Helping deafblind people and their families to have an influence on legislation, policy and practice is by far the best thing about my job.
For example, over the past few years deafblind people have had their say on social care reform and there are aspects of the Care Act 2014 that exist only because deafblind people have fought for them.
My role ranges from organising meetings between groups of deafblind people, their families, practitioners and civil servants or other decision-makers, to providing information and advice on taking actions on campaigns or commenting on draft letters and giving reassurance and encouragement.
I work four days a week, mostly from home, though I go to the London office about once a month and attend events.
I am deafblind, which means that I can share experiences and understanding. My communication at work is by email. My computer has special screen reader software that displays text in Braille. When I need to phone people, I use my computer and software that cleverly turns it into a text phone and I call through a text relay service.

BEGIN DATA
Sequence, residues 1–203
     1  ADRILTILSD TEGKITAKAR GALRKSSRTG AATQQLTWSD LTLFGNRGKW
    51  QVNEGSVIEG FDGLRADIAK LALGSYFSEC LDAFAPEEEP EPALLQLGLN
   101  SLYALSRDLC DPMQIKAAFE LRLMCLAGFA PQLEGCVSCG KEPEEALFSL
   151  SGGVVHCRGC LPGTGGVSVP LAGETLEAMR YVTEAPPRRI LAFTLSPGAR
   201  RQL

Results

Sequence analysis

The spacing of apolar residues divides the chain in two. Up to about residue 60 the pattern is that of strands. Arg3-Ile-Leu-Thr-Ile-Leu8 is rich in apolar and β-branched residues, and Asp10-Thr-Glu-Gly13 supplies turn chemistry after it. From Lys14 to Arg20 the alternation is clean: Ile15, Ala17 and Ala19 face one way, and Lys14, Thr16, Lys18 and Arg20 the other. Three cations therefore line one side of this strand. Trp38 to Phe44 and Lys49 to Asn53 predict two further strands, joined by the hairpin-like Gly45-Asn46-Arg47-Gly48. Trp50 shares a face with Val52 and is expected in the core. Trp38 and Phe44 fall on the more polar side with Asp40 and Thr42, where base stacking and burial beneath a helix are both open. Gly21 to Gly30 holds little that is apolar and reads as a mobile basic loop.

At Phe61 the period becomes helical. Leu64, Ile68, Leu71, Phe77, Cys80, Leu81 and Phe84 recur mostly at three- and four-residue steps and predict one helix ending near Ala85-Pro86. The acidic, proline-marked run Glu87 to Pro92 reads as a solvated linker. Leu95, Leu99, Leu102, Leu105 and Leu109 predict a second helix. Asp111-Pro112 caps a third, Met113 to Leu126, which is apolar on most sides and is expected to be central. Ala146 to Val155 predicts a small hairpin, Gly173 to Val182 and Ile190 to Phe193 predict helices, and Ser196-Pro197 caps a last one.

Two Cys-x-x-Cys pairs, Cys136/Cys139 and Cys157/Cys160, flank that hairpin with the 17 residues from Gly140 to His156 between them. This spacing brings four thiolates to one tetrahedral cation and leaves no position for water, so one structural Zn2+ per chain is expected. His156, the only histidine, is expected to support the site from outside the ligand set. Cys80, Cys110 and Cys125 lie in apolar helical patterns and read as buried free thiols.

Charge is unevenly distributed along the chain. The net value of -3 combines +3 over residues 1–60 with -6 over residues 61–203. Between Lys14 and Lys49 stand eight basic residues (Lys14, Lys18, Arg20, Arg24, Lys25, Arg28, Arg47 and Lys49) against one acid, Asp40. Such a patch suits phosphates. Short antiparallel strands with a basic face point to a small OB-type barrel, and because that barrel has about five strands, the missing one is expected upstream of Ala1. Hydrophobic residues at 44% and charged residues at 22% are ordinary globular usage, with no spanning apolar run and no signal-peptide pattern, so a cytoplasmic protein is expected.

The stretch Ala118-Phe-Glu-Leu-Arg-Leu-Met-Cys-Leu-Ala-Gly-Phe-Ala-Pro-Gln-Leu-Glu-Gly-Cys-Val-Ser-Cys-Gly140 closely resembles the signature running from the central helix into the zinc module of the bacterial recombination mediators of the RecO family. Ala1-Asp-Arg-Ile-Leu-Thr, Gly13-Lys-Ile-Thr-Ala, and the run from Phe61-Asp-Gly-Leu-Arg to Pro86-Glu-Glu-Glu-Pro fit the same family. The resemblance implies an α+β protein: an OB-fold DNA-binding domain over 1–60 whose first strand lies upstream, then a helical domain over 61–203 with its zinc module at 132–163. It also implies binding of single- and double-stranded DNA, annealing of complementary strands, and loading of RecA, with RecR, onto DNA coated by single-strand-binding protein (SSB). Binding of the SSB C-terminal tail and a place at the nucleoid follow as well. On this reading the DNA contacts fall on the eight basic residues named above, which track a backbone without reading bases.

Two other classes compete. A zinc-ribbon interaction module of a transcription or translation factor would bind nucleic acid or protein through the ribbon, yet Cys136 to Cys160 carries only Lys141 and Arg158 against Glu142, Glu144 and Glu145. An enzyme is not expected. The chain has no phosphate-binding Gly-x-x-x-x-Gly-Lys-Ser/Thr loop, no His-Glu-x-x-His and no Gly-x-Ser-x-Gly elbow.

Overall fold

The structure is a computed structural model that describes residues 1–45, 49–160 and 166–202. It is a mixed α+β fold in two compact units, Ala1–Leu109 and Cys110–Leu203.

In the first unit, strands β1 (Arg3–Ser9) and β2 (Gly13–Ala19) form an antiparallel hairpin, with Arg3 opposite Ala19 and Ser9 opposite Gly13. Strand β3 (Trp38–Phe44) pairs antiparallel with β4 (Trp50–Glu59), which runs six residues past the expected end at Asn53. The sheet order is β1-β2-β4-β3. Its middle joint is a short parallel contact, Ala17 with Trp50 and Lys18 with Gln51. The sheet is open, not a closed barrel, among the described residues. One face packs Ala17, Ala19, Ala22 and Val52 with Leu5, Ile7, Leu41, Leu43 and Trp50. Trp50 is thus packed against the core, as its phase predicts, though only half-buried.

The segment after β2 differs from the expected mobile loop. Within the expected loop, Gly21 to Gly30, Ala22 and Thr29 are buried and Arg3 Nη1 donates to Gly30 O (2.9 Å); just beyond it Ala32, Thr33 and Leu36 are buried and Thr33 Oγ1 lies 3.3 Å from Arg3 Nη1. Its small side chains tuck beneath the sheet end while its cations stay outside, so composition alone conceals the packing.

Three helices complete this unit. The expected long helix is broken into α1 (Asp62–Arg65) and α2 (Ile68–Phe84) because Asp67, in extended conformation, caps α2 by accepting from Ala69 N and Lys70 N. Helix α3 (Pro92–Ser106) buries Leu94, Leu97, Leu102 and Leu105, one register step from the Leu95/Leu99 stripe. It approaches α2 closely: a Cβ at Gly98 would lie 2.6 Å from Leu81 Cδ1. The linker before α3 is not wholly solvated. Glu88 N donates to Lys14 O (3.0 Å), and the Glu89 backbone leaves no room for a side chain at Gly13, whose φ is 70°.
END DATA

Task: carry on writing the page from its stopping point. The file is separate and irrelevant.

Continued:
I enjoy peace and quiet so I don't feel isolated working from home, although I do enjoy having contact with people. I tend to travel by train and often have a support worker to assist me. At events or in face-to-face meetings I communicate using electronic notetakers or deafblind manual interpreters who use a form of tactile finger spelling. These methods are rather slow, so group discussions and fast presentations can be a bit frustrating because often I can't keep up.
Many deafblind people feel powerless and believe that no one will take notice of them. The hardest aspect of my job is convincing them that if we want things to change we must put feelings of helplessness behind us. Through our actions we can make a difference – but getting deafblind people to that point is tough.
Sense supports and campaigns for children and adults who are deafblind, a combination of sight and hearing impairment that causes difficulty in a range of areas including communication, access to information and mobility